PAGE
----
Cheadle is Maurice “Mo” Monroe, a stock market schemer overseeing the Jammer Group, an underdog firm that includes Hall’s Dawn Towner, the head trader, and Blair Pfaff (Andrew Rannells), a wide-eyed Wharton grad getting a quick and very dirty education in the ethics of high-level finance. (Lesson 1: There aren’t any.)

The degenerate staff is rounded out by Horatio Sanz, Yassir Lester and Paul Scheer, whose puffed-up schlub of a trader manifests multiple flavours of self-hatred.

The multicultural makeup is the most obvious early sign that Black Monday, which is executive produced by Canadians Seth Rogen and Evan Goldberg (Superbad, Preacher, The Disaster Artist), is up to more than just filthy jokes. (Though those are definitely core to the enterprise.)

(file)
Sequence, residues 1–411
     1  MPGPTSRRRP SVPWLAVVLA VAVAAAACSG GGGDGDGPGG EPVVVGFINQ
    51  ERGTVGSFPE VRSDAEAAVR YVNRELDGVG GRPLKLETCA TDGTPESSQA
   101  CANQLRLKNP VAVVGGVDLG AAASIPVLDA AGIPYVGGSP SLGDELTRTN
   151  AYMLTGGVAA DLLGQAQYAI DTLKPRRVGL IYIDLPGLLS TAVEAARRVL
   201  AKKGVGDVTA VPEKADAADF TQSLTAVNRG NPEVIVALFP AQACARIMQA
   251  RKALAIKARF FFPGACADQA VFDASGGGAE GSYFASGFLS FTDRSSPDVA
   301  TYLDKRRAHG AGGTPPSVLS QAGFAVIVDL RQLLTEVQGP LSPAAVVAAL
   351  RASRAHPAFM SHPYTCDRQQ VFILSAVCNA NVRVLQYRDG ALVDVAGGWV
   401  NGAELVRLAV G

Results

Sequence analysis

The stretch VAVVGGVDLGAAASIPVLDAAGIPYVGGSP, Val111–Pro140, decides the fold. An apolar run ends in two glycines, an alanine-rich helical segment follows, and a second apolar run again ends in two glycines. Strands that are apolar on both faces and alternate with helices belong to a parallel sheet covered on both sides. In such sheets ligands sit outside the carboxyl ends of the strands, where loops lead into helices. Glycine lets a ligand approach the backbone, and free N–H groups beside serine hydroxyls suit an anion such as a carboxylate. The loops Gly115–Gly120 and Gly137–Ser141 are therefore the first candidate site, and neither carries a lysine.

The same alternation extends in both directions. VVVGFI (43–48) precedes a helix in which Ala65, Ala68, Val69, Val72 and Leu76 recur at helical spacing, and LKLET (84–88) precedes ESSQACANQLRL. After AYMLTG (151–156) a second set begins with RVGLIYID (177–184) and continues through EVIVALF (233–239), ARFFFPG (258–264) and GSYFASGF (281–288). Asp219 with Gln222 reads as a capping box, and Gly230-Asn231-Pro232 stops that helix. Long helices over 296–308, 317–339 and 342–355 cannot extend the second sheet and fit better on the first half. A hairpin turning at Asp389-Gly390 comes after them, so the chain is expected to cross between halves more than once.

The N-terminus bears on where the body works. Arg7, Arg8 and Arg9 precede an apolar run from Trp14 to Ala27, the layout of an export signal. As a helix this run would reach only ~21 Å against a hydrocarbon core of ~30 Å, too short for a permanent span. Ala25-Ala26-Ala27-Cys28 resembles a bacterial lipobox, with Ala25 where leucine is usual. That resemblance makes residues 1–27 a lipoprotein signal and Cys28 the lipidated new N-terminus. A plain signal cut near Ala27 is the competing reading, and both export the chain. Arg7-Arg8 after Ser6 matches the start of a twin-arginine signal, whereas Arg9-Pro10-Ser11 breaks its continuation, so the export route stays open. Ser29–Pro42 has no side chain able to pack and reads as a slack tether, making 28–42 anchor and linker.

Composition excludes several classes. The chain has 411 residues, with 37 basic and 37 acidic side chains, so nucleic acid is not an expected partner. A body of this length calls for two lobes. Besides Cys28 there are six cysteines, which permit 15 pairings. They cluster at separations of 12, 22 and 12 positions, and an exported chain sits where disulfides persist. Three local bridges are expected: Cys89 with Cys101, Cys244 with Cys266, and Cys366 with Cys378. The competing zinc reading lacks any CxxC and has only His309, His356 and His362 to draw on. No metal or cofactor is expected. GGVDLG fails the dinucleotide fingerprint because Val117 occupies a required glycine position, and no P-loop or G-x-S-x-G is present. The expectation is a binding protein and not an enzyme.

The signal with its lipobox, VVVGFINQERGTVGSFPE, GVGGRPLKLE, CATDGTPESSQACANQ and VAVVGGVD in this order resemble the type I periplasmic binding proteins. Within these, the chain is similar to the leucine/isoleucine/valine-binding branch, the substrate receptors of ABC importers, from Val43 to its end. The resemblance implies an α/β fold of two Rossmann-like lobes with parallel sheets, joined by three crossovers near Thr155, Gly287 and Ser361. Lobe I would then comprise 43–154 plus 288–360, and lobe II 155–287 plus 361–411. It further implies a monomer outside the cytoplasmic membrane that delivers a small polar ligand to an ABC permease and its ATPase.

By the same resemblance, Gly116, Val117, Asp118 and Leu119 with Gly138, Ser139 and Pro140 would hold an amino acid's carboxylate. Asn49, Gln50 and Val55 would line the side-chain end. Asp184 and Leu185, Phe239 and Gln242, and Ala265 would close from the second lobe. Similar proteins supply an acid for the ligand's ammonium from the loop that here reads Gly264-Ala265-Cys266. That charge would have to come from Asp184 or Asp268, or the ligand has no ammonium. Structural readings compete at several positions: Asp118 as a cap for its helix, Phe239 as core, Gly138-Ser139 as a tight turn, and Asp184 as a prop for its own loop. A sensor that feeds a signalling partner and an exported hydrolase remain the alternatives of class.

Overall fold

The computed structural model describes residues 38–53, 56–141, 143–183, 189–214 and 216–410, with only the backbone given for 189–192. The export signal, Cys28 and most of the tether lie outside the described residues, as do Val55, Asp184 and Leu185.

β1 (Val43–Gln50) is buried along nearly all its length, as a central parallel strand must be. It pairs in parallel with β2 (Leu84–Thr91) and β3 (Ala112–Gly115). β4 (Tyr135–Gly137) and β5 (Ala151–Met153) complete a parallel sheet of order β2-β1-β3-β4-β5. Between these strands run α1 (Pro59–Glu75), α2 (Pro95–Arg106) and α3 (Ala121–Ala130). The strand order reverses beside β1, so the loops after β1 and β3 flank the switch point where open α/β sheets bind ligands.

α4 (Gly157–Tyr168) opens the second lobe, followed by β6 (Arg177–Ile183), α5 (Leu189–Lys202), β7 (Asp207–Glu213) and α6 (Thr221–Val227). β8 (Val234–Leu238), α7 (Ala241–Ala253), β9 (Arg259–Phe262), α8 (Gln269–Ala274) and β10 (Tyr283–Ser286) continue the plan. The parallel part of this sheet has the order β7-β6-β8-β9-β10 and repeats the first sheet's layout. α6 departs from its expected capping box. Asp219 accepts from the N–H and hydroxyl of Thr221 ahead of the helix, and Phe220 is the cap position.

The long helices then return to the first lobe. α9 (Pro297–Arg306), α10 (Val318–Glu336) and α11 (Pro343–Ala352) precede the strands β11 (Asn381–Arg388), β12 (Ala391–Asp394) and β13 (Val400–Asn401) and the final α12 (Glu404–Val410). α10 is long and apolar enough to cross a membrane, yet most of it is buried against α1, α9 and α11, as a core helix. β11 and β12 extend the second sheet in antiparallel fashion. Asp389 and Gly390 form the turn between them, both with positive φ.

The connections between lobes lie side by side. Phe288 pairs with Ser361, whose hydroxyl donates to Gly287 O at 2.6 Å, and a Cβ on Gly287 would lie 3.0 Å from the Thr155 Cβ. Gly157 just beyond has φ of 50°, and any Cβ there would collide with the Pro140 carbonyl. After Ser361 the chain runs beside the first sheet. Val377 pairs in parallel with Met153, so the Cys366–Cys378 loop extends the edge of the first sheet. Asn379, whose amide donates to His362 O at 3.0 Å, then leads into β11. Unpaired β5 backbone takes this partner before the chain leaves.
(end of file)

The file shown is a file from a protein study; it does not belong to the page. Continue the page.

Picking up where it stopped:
In positioning a firm whose racial diversity “would not have been allowed at that time,” Cheadle said, against cartoonish Wall Street Brahmins — Ken Marino plays a pair of vapid twins who are supposed to be the Lehman Brothers — the show aims to satirize the monotone culture of high finance and, by extension, American halls of power.

“We joke that the show’s about how far we haven’t come,” Caspe said.

Black Monday is also a tightly plotted murder mystery. The show, which styles itself as a gonzo secret history of the run-up to the 1987 stock market crash of the title, opens with a body plummeting from a Wall Street skyscraper onto Mo’s “Lambo” (a Lamborghini that has been converted into a limousine). The first season reveals the story of both crashes: the identity of that body as well as what caused the cataclysmic market plunge.